- Once you install your password manager on a phone or computer, you need to sign up for that service. After signing up, you must create a strong master password. Remember, password managers won’t store this password. So, you might face a hard time should you forget this master password.
- After creating your account, you can start storing credentials. Different password managers have different interfaces, but in most cases, you will have options to save that website name, username, password, security questions, and other relevant information to access your account.
- You might also need to download and install the browser extensions of the password managers. Once you turn on the extension, your password manager can save and autofill credentials for you.
- Most password managers have options for generating random passwords. If you are opening a new account on a website, you can generate a strong password using this tool.
What Features Should Password Managers Have?
Before you settle on a password manager, check if that software has the following features.
Supports Multiple Platforms
The password manager you choose should be compatible with different platforms. For example, your password manager should work perfectly on Windows, MacOS, iOS, Android, or other operating systems.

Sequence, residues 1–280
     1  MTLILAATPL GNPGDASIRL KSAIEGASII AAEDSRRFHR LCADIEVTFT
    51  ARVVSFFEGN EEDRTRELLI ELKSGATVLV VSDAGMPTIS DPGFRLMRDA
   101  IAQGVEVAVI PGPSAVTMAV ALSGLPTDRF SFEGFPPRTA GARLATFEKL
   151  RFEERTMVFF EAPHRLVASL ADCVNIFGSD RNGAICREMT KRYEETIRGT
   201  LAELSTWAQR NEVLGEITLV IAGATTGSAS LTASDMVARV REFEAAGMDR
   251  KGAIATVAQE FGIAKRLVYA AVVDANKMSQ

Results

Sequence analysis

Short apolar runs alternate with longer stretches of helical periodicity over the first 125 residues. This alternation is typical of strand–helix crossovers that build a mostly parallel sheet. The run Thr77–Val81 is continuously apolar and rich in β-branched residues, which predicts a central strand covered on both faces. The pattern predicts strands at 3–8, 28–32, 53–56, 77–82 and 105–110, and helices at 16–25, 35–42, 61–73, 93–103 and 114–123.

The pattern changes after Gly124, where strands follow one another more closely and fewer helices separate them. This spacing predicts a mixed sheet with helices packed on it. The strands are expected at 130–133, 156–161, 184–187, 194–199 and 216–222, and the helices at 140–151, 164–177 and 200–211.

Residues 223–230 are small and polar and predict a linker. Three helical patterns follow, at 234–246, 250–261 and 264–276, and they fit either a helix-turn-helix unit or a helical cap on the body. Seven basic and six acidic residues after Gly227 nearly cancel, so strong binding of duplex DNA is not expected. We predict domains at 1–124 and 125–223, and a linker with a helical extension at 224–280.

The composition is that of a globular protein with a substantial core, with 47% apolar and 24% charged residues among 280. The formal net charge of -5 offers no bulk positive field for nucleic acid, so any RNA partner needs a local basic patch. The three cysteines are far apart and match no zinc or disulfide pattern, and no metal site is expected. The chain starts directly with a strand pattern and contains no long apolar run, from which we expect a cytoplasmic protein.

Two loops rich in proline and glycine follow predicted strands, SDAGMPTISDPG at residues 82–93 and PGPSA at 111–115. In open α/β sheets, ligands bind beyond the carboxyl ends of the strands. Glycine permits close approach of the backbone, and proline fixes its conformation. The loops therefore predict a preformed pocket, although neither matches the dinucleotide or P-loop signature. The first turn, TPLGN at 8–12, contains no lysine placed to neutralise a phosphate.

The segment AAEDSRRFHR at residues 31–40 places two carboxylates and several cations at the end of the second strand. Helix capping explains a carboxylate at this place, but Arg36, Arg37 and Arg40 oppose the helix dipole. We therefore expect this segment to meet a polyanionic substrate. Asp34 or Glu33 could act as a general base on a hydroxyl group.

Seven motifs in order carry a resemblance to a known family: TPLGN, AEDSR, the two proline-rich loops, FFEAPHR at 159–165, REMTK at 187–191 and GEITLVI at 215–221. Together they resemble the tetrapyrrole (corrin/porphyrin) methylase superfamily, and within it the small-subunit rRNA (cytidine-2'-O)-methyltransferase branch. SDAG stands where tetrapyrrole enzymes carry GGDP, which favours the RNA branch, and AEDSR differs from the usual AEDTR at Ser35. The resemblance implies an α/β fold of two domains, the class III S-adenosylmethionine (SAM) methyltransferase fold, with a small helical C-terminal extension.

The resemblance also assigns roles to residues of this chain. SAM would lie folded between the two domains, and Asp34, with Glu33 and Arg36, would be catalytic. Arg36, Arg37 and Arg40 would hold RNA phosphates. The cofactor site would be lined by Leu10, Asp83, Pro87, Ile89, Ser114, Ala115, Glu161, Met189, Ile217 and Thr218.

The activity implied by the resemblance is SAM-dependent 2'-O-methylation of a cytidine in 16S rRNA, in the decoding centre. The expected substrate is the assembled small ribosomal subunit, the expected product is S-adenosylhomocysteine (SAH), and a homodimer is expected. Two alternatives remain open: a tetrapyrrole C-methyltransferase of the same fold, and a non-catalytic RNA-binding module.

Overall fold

With device syncing, you can easily use your password manager on multiple devices. For example, if you have saved a password on your desktop browser, the credential should be available when you browse that website on a mobile device.
A good password manager should use standard encryption protocols to secure your data. Some password managers let you share passwords in encrypted formats, which is safer.
Strong Password Generator
Creating strong passwords for every website you use is a big hassle. So, your password manager tool should be able to generate strong passwords.
In some cases, you might need to reset your master password. Many password managers provide a security key to use in combination with multi-factor authentication to reset the master password.
How Much Do Password Managers Cost?
The price of password managers depends on their features and security. If you need basic features such as saving your credentials, many free password managers are available out there. If you want more helpful features, you need to spend somewhere between $5 and $15 per month. Password managers with advanced features might cost more, and if you want one for business use, the cost can be between $50-$60 per month.